Wednesday, March 22, 2023 -
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A dreaded anniversary

It’s hard to believe it’s already been a year since the war between Russia and Ukraine.
It feels like just yesterday when even here in America, where many were somewhat oblivious, many others were on pins and needles as Russian soldiers mobilized on the border of Ukraine, more by the day.

Will Putin really invade Ukraine, unprovoked? It was hard to believe in such brutality in our time, the transgression of another country’s borders would once again come to be. After all, it was a boundary that was held in consensus by all Western nations since WW II.

“It’s just Putin posturing,” went the conventional wisdom. “It’s all show to bolster Putin’s negotiating position.”

Because who could believe otherwise?

It was prevarication upon prevarication. Both on Putin’s end, and to some degree, on America’s, regarding sending armaments to Ukraine.

Then came the searing, the unforgettable, images. 
 The squished train platforms filled, skin to skin, with refugees, holding all their worldly possessions in one bag. If only you closed your eyes and envisioned those images in black and white, they might as well have been from the 1940s.

The tragic stories of Ukrainian civilians dying in their own streets.

The children. Oh, the children! In an effort to spare their lives from the perils of war, they were sent off to who knows where. Oh, those wrenching scenes of departure. Unbearable.

We were sure the war was going to last two weeks. That Russia’s military was going to bring Ukraine to its knees, its utter destruction.

The world prepared for the worst.

That’s when destiny surprised us all, as the Ukrainians fought back with a vengeance and held the line. The longer this conflict has dragged on, the mightier a military Ukraine has become.

Meanwhile, it’s been a year. The war is still on. No clear winner, no clear loser, hence no clear point of termination on the horizon. Which only means the continuing colossal cost of human lives, soaring death tolls on both sides. For those who do survive, they will return home broken.

In Putin’s mind, is he fighting a war of attrition? Does he figure the West will tire of the economic cost? Or that Russia will deplete Ukrainian resources and Ukrainian soldiers, winning by outlasting them, all the while depleting Russia’s own resources and the lives of its own men?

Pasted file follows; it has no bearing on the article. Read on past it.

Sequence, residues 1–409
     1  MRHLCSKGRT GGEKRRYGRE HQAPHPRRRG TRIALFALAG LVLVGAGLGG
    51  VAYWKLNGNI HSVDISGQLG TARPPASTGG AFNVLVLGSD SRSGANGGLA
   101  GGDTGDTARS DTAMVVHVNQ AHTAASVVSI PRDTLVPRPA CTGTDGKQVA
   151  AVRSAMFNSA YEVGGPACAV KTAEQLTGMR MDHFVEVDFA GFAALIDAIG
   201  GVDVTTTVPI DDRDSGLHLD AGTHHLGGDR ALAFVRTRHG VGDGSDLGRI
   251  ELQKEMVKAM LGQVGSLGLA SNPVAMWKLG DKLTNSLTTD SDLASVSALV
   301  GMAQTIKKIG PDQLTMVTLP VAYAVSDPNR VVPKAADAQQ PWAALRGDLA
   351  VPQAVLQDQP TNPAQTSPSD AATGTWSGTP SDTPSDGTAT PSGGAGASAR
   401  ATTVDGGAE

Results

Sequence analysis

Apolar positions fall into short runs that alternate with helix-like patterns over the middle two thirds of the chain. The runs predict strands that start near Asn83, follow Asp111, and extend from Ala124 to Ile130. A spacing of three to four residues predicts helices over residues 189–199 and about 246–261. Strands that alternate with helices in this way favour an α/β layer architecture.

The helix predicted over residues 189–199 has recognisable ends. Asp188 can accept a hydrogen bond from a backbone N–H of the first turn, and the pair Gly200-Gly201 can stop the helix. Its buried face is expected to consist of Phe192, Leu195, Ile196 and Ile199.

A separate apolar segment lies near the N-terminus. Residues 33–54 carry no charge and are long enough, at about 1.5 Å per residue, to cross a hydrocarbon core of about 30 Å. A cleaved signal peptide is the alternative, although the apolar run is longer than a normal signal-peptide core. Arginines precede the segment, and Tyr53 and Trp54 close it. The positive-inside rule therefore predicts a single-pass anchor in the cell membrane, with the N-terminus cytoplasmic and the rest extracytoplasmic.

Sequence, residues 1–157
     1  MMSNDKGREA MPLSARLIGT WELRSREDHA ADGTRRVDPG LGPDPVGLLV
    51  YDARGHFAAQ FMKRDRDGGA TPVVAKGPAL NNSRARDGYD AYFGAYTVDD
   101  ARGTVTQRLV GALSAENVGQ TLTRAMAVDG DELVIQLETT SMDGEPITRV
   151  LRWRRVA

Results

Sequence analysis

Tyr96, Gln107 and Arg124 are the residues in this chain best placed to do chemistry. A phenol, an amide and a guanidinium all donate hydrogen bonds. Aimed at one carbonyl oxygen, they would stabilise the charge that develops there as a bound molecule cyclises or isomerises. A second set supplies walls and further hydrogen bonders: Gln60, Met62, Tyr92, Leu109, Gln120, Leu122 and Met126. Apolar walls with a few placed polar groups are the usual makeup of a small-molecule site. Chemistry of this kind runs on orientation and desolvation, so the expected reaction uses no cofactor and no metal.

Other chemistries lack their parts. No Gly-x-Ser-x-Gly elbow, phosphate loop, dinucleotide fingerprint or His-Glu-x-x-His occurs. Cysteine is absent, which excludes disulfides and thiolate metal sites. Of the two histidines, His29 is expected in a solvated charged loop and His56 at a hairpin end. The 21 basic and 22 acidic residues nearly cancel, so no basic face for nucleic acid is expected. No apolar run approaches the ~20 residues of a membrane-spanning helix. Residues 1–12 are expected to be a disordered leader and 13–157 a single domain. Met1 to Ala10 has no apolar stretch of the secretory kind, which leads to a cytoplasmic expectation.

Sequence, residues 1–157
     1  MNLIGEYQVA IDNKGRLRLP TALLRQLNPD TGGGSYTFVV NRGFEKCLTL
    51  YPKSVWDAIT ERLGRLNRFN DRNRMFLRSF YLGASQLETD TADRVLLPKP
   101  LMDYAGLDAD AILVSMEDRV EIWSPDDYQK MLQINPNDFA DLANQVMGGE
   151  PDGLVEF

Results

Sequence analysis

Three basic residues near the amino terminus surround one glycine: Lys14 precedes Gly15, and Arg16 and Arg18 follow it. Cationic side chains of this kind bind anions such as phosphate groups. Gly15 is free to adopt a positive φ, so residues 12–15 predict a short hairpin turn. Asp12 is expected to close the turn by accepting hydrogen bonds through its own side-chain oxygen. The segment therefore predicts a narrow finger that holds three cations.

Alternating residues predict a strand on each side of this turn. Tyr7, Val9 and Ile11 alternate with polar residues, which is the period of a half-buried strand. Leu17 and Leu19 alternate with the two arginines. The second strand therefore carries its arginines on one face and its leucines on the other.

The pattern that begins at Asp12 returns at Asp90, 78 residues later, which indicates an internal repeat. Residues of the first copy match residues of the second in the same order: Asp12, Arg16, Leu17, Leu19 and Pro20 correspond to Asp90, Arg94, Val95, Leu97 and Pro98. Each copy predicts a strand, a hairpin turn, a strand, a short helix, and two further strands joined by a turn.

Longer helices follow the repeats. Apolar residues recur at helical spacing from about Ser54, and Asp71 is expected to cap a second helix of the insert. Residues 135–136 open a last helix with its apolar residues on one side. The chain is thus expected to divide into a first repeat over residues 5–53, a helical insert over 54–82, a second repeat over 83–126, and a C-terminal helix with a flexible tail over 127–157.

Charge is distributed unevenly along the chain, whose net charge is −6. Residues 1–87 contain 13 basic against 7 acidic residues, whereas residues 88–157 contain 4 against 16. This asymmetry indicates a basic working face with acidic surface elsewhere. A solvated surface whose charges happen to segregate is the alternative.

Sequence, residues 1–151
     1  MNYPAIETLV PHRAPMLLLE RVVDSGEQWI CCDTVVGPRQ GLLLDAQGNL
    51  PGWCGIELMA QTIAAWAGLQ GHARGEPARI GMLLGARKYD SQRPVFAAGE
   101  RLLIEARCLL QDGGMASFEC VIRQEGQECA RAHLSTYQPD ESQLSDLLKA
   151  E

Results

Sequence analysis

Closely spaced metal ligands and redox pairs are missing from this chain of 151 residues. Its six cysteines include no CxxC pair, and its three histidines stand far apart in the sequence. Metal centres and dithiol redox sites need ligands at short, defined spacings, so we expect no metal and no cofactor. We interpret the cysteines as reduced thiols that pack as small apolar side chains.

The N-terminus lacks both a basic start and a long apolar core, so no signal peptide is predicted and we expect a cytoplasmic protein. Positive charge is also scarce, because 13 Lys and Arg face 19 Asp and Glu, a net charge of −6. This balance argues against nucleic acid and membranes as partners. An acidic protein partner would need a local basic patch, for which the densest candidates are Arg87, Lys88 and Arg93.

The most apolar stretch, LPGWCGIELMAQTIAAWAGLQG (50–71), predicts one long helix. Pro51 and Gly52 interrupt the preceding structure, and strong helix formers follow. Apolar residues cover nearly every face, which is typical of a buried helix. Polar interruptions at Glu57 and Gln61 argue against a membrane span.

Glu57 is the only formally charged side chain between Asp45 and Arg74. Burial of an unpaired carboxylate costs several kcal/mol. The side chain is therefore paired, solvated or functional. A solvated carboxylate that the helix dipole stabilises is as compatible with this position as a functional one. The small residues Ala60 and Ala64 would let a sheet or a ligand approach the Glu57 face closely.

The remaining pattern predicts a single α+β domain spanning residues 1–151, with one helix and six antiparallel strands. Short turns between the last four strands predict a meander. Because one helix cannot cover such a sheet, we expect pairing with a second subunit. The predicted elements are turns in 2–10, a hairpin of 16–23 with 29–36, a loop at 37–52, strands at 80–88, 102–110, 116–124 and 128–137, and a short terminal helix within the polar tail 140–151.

Clearly, the war has been a catastrophe for Russia. Yet, to Putin, it doesn’t seem to matter, neither ethically nor even rationally. Is Putin’s plan to stick it out for years as long as Russia (then the USSR) did in Afghanistan? As long as China and India keep buying oil from Russia? No one has a clue. Sadly, it seems it’s all about Putin winning rather than about Russia herself. It seems he is just fine nonchalantly sacrificing waves of human lives as if they were inanimate objects. The futures of generations of Russians have been destroyed.

It is far beyond my scope or skill to say what is right or wrong in arming Ukraine further. All decisions in this regard seem to be taken against the backdrop of preventing Putin from escalating the conflict into a nuclear one.

I certainly don’t have the answers. All I know is, one year later, precious human lives are being decimated.

My heart aches for Russian soldiers, too. Young men’s lives cut down simply because Putin decided to invade their neighboring country. To think a that WW I and WW II term like “cannon fodder” is back in circulation is just horrifying. Who and what are these Russians fighting for? To see them used as waves of human beings sent to their deaths is just heart wrenching.

Ukraine is blood-soaked with its own history of savage violence against Jews. Our history in Ukraine is merciless. Today’s generation of Ukrainians, while some might be descendants of the killers of Jews, many are not and for those who are, they are not their ancestors.

So I think of the Ukrainian and Russian mothers, wives and families and their pain, and it’s just so so sad.
Above all, it’s those Ukrainian children to whom my heart goes out. Where are they? There are rumors of child-trafficking into Russia. Could this really be? If so, how does our world stand by?

One year later since the start of this war, and the West must ask, have we done enough to protect the innocent children of Ukraine?

As this time of a dreaded anniversary, I can only hope that the turning point of this conflict arrives soon.

Even if a pivotal point in the war that will bring some cessation of hostilities is on the way — and let’s pray it is — spring’s melting snow and sunshine will shine the paths strewn with lost lives. The lilacs, peonies and sunflowers, will reveal so much grief, destruction and pain, side by side with the blooming azaleas and crocuses, pushing up past the blood drenched soil.

Copyright © 2023 by the Intermountain Jewish News

Tehilla Goldberg

IJN columnist | View from Central Park

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